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“I was with my team on probably the first or second day of shooting. It was all hands on deck and we were throwing fake dirt on the actors because I was like, ‘It has to be dirtier’ — and we were already up to our elbows in fake dirt and distressing the material,” says Janie Bryant. “And I turned to my team and said, ‘I didn’t think that I was ever going to be back here again. But here we are.'”
The veteran costume designer relates in her Tennessee drawl, and sounding a little like Al Pacino’s Michael Corleone rejoining the Mafia family, that she’s in a place she endearingly calls “Western-ville.” And she’s all in, outfitting a literal cast of thousands for Taylor Sheridan’s sprawling drama 1883, which premiered this week on Paramount+ as the prequel to the streamer’s hit drama Yellowstone, and is getting the biggest numbers for a cable debut since 2015. Bryant, who garnered an Emmy for her costumes on the HBO series Deadwood, has been in these parts before. But in the interim, she became practically a household name herself as the era-defining mastermind of Mad Men’s cosmopolitan ‘60s fashions, and not incidentally also launching some of her own fashion collaborations in the process.
But she’s a long way from the canyons of Manhattan these days, filming in the plains of Texas and mountains of Montana. But this time around, it’s a very different story and set of characters than Deadwood, she hastens to point out.
“You know, there’s one word to describe it, and that is epic, epic, epic,” Bryant says. “On my first episode, I probably had a thousand extras. And of course, designing the principal cast.” Not to mention outfitting a passel of stunt actors as well as the group of immigrant characters coming from a different world and making their way across the plains in the wagon train, shepherded by the flinty Sam Elliot as Shea Brennan. And, as she puts it about joining up with Sheridan, Hollywood’s creative deity of the moment who impossibly brought the project from page to screen in seven months, “Taylor’s amazing. He’s pretty epic himself.”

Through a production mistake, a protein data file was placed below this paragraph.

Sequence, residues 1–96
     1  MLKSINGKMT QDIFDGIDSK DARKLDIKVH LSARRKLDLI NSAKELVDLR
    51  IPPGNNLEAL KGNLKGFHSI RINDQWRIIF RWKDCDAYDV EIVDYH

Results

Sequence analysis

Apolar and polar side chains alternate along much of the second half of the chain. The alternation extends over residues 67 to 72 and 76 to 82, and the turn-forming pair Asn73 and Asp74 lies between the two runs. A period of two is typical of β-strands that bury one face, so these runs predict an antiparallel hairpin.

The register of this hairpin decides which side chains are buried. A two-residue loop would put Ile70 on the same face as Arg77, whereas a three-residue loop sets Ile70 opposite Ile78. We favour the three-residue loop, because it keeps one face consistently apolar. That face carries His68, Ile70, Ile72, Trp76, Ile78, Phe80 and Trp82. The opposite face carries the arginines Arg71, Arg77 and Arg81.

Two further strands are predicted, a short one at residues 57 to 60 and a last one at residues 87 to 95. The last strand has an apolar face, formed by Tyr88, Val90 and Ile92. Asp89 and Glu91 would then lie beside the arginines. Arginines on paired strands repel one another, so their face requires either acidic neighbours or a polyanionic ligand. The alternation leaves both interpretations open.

Bryant was on a similarly tight timeline and started designing with her team in L.A. in June before shifting the costume-building to Fort Worth when filming began in August before moving location to Montana and then back to Texas again. Speaking to THR this week, she enthuses that she has just finished fitting the very last costume for the season, which wraps shooting in mid-January — but she demurs when asked who the costume was for. Given that the starry cast also includes Tim McGraw and his real-life spouse Faith Hill as James and Margaret Dutton, newcomer Isabel May as their teenage daughter Elsa and as big-name cameos from the likes of Tom Hanks and Billy Bob Thornton — it could be anybody’s guess.
Bryant also credits the players for the authenticity on-screen. “The actresses are all in corsets … riding horses or driving wagons, and the men are all in wool with the heat and the elements, and you can really feel how taxing it was,” she says. “Think about a hundred-degree weather and wearing a camisole, corset, bloomers, bustle pad, petticoat and then putting a costume on top of that. I applaud them for being for going with it.” She adds, “My costume team had gotten some ice packs and other things to try to ease the pain. Sam Elliott was like, ‘I don’t need it. I want to be hot.’ They really embraced what it would be like to live in 1883.”